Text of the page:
In two separate cases, over 400 employees of two New York City-based companies are finally receiving restitution after bring underpaid.
Two days after Christmas, over 400 underpaid workers from two New York City-based companies finally began receiving their full wages.
$1.13 million in restitution is being paid to 306 current and former employees of Flat Rate Movers, a multi-state moving and storage company based in New York City. Individual workers will receive varying amounts of up to more than $15,000.
Following an investigation by the Attorney General’s office, Flat Rate Movers was charged with not paying overtime to its employees, despite some grueling 75-hour weeks.
Based on a 2010 settlement with the Attorney General’s office, Flat Rate Movers must also pay $70,000 for independent monitoring to ensure compliance with the law. The Attorney General’s office reports that this outside monitoring has been effective in improving the company’s processes.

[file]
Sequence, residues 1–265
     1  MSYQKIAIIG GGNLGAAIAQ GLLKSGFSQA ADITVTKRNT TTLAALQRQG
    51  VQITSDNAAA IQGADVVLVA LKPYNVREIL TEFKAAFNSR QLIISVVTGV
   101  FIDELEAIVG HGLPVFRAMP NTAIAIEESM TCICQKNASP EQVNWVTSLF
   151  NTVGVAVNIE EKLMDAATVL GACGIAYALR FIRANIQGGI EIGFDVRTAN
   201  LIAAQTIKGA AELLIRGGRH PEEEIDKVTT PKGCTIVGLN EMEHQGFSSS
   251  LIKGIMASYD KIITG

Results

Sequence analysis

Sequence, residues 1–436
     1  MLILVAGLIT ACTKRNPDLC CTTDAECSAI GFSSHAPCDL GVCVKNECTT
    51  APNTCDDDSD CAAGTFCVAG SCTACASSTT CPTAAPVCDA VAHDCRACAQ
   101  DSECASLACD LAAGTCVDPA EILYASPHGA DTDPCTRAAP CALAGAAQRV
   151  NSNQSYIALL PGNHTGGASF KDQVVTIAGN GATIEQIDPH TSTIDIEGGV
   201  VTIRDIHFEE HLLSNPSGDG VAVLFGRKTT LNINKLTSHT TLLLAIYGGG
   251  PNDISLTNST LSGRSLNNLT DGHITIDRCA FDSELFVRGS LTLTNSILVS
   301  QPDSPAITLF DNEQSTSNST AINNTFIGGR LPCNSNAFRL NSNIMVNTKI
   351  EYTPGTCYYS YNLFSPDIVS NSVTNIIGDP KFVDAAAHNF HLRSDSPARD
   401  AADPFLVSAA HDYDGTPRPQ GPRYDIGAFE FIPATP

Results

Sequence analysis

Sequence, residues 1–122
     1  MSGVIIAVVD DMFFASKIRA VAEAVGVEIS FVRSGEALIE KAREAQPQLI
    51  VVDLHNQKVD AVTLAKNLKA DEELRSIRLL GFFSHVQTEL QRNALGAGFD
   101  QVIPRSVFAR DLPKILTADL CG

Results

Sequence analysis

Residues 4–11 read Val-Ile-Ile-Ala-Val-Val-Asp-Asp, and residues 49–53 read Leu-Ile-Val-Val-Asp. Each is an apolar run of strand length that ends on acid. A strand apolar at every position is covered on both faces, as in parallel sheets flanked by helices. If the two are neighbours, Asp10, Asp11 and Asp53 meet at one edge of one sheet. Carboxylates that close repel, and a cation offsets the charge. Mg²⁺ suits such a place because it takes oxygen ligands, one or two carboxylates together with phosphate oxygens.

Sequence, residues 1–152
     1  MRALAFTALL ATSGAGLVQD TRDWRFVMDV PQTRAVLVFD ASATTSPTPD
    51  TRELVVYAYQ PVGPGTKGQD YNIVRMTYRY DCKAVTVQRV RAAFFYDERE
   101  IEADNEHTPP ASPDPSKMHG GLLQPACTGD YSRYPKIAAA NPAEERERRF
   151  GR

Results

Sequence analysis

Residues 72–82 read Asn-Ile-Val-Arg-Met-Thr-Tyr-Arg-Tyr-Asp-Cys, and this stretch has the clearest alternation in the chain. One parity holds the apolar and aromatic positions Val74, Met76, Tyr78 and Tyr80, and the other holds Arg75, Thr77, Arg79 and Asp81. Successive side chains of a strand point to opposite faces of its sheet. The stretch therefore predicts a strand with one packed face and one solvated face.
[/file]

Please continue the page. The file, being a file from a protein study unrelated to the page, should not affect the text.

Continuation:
In a separate case, 100 employees of Mystique clothing stores, also based in New York City, have begun receiving restitution as part of a $950,000 settlement. Mystique clothing stores failed to pay its workers minimum wage at various locations throughout the city, as well as refusing to pay some workers overtime and even retaliated against workers who made complaints related to this misconduct.
In a similar agreement, Mystique must also pay $25,000 for monitoring of the company’s payroll.
“With no raises and little room for growth, we worked under terrible conditions and so much stress that we would all often be angry with each other when,really, we were angry at the fact that we were having out wages stolen. We felt impotent. Not anymore,” said Carolina Ferreyra, an employee of Mystique.
"My office will vigorously enforce our state’s labor laws and ensure that workers receive the compensation they are legally owed," Attorney General Schneiderman said. "While my office is pleased to distribute this money to these workers, especially during the holiday season, we know that there are many employers that violate our state’s labor laws and we will continue to seek justice for other workers who are illegally underpaid."
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